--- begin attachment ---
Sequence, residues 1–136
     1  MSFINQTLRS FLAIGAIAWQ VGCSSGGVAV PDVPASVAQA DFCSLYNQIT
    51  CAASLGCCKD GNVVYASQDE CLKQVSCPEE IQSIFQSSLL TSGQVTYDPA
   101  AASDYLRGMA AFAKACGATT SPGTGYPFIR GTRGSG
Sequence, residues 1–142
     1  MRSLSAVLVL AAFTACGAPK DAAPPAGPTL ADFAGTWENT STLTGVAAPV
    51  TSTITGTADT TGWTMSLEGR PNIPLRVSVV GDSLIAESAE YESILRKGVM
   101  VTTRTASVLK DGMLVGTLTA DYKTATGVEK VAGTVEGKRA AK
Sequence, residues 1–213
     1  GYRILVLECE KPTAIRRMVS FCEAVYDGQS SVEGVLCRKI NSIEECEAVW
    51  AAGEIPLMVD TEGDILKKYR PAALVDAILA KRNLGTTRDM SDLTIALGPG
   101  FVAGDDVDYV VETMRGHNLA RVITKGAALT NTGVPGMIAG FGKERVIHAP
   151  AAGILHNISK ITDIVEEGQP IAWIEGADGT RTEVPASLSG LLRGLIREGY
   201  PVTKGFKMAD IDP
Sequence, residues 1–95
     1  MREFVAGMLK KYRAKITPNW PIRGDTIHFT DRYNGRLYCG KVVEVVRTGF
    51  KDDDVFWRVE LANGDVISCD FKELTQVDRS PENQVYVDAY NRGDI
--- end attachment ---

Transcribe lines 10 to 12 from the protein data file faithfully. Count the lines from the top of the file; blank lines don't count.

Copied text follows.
     1  GYRILVLECE KPTAIRRMVS FCEAVYDGQS SVEGVLCRKI NSIEECEAVW
    51  AAGEIPLMVD TEGDILKKYR PAALVDAILA KRNLGTTRDM SDLTIALGPG
   101  FVAGDDVDYV VETMRGHNLA RVITKGAALT NTGVPGMIAG FGKERVIHAP